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News of  May 23, 2000


 


Ford in Britain Announces 1999 Financial Results
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RENTWOOD, ESSEX - In 1999, Ford Motor Company Ltd (Ford in Britain) recorded a pre-tax loss of 119 million on a turnover of 6,292 million. The profitability of the Company deteriorated over the previous year, largely as a result of reduced revenues. Vigorous cost-cutting measures were not able to match the fall in sales revenue. Over capacity in British plants exacerbated the situation, coupled with the slight downturn in the British market.

Within a fiercely competitive market, performance from Ford products was strong, with Ford Focus and Ford Fiesta holding first and second positions respectively. Continued popularity of the Ford range resulted in Ford achieving new car market leadership for the 23rd continuous year.

Ford engine production in Britain was almost 1.1 million units in 1999, shared between the plants in Bridgend, South Wales and Dagenham in Essex.

Highlights of the year included:

The Company achieved market leadership for the 23rd consecutive year. The Ford Focus, Ford Fiesta and Ford Mondeo were the country's first, second and sixth best selling cars.  Ford retained leadership of the light commercial vehicle sector for the 21st consecutive year, with a share of 31.2 per cent Ford Transit remained the country's favourite medium commercial vehicle for the 34th consecutive year, with a segment share of 34.1 per cent.

Ian McAllister, Chairman and Managing Director of Ford in Britain said : "The year 1999 was one of the most competitive and formative that the industry has seen for a long time. Controversy relating to car pricing, had a substantial impact on revenues across the industry as most manufacturers reduced transaction prices to respond to customer concern. However, Ford products have continued to attract the largest group of purchasers."

In 1999, Ford new vehicle sales in the UK were slightly down on the previous year, at 464, 341 (387, 985 cars and 76,356 commercial vehicles) compared to 490,024 in 1998 (403,717 cars and 86,307 commercial vehicles) and Ford's market-leading shares in the two segments for 1999 were 17.7 per cent and 27.5 per cent respectively.

Total investment in research and development during the year, principally at Ford's Dunton Engineering Centre in Essex, amounted to 377 million as part of the Company's ongoing commitment to producing class-leading products for world markets. Dunton is the country's largest automotive design and engineering facility.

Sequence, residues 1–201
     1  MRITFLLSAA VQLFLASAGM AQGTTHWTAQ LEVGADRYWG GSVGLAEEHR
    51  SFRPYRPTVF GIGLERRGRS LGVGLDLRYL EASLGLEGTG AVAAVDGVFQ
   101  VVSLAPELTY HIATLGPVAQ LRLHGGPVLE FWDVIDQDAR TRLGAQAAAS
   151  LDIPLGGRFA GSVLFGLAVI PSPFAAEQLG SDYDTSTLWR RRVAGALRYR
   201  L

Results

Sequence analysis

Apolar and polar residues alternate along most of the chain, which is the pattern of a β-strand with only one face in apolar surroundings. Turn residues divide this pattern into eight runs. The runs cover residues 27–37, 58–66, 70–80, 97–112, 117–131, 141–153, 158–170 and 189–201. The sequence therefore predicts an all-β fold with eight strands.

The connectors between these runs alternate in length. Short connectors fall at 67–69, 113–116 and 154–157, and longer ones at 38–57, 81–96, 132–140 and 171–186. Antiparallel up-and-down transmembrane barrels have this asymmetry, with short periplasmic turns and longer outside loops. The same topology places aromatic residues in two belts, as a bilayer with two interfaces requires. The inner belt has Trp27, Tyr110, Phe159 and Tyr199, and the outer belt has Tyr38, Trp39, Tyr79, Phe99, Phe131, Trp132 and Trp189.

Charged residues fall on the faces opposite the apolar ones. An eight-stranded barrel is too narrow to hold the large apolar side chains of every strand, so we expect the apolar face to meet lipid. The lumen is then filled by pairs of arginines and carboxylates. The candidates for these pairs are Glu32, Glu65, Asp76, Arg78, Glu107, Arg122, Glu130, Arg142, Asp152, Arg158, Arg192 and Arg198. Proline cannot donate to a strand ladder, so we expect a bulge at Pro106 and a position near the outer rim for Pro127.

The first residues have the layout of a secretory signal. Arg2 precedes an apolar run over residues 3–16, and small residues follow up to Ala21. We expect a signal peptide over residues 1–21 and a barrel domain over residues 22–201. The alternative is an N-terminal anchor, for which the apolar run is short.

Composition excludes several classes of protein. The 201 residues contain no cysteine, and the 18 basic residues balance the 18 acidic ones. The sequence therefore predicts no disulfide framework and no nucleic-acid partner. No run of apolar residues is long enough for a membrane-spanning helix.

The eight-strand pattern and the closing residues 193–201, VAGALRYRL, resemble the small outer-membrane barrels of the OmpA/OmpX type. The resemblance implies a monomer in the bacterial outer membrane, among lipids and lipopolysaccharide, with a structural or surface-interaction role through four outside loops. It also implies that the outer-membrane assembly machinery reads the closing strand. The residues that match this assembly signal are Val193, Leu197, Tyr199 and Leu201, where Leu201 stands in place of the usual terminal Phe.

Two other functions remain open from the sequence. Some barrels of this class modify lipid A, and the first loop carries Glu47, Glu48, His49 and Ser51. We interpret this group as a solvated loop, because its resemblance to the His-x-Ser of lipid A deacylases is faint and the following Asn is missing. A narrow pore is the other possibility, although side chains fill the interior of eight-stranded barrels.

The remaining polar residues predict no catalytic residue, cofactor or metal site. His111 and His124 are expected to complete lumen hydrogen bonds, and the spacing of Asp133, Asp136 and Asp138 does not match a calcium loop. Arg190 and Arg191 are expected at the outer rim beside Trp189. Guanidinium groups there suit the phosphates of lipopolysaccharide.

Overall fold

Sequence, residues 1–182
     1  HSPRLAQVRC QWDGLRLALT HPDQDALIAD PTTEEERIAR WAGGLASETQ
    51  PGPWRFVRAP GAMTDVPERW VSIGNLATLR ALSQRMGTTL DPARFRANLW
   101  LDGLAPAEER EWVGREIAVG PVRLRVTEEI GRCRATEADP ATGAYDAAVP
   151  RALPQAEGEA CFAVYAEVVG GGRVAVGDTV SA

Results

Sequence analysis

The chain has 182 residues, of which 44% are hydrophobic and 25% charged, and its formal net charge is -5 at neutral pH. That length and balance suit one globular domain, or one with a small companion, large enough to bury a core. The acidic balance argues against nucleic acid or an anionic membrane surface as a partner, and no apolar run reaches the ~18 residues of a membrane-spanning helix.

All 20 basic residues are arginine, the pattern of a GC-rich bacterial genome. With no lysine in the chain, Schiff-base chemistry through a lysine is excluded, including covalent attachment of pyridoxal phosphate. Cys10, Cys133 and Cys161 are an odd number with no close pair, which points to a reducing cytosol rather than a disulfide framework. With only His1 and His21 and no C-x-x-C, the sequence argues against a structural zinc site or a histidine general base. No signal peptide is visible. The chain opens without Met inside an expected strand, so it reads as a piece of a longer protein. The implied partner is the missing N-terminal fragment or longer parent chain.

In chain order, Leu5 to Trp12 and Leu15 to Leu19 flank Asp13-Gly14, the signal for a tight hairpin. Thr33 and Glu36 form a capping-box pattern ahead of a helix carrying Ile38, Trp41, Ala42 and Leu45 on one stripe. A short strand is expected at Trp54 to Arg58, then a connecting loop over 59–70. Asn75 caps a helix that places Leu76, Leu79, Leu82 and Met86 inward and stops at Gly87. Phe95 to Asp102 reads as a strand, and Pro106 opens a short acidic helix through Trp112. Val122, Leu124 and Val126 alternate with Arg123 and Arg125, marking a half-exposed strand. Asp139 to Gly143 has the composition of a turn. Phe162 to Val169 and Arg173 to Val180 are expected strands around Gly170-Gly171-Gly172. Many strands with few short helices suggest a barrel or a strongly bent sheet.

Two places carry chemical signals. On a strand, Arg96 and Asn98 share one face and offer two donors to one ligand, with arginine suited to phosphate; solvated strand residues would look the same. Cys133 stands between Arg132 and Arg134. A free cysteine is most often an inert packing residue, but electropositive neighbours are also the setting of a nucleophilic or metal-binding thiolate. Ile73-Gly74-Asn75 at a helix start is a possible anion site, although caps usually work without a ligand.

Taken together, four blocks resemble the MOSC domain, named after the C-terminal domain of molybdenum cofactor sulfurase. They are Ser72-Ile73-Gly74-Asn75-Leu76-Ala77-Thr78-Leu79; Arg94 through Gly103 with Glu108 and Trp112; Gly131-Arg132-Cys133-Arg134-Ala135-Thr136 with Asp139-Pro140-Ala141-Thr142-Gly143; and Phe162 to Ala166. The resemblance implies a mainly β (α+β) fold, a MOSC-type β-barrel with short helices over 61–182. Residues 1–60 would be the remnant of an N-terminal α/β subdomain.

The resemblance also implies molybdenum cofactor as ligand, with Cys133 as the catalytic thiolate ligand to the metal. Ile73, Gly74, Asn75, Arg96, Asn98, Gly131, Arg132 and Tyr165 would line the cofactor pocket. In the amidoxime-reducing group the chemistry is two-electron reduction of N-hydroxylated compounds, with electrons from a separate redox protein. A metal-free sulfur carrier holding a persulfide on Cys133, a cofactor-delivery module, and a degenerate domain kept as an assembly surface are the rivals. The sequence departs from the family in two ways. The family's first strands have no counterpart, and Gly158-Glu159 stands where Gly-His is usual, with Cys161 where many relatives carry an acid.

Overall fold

The outlook for the year 2000 is that the market will remain extremely competitive. The Company will benefit from the introduction of class leading products such as the all-new Ford Transit and the new Ford Galaxy and continue a strong emphasis on reducing costs.

Since the approval of the financial results for 1999, a major restructuring of Ford's European operations has been announced (May 12, 2000). The restructuring included several actions affecting the Company's operations in Britain:

A five-year investment of $500 million in Dagenham engine Plant to become more technology based as the global centre for diesel engine manufacture. A proposed 50:50 joint venture company to be formed with transmission specialists Getrag to engineer and manufacture manual transmissions at facilities in Halewood, Bordeaux and Cologne. The cessation of vehicle assembly and major body construction at Dagenham by first quarter of 2002. A voluntary redundancy programme for around 1,900 employees at Dagenham Body and Assembly, partially offset by about 500 incremental jobs associated with the expansion of diesel engine production and engineering elsewhere within the Dagenham Estate. Net job losses on the Dagenham Estate will therefore be around 1,400. The confirmation of $15 million investment for a Ford Design Centre in central London.

Ford will proceed with $100 million Dagenham investment plans, including $50 million for regeneration of Dagenham Estate, $26 million in the Press Shop and $10 million for the Wheel Plant. The creation of a further 360 new jobs with the transfer of Commercial Vehicle Engineering from the U.S. to Britain. 240 diesel engine engineers to be relocated to Dagenham. A $12 million Ford-funded Employee Support Programme initiative to be set-up. A Proposal for a Joint Advisory Board, including trade union, government and local development agency representatives, to oversee development and implementation of the Employee Support Programme.

An opportunity for expansion of diesel engine production at Dagenham by 80-100,000 units per year. An additional opportunity for the Bridgend Engine Plant to be the source of a new petrol engine. 

(19 May, 2000)

 

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